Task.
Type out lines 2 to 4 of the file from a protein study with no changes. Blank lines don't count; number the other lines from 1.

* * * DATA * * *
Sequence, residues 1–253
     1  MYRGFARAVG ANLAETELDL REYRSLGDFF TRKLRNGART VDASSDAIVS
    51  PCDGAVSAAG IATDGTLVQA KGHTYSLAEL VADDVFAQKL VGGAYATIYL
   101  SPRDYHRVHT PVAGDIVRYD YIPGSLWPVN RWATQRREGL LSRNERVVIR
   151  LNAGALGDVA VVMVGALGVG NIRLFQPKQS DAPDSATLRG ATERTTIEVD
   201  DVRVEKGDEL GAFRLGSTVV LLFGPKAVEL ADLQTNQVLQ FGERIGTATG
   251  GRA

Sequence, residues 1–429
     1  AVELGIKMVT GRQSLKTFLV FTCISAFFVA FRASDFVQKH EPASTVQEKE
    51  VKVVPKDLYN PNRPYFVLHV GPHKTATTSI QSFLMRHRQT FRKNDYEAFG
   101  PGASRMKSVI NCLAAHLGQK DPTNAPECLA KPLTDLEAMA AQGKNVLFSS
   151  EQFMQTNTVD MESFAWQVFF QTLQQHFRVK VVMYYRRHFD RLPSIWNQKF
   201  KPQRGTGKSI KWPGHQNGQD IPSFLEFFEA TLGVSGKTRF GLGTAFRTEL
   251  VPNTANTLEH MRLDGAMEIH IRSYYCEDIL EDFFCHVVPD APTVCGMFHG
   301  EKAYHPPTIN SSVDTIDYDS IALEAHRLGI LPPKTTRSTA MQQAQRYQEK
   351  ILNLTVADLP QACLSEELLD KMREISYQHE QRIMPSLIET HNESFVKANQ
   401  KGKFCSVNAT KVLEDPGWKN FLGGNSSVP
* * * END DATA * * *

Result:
     1  MYRGFARAVG ANLAETELDL REYRSLGDFF TRKLRNGART VDASSDAIVS
    51  PCDGAVSAAG IATDGTLVQA KGHTYSLAEL VADDVFAQKL VGGAYATIYL
   101  SPRDYHRVHT PVAGDIVRYD YIPGSLWPVN RWATQRREGL LSRNERVVIR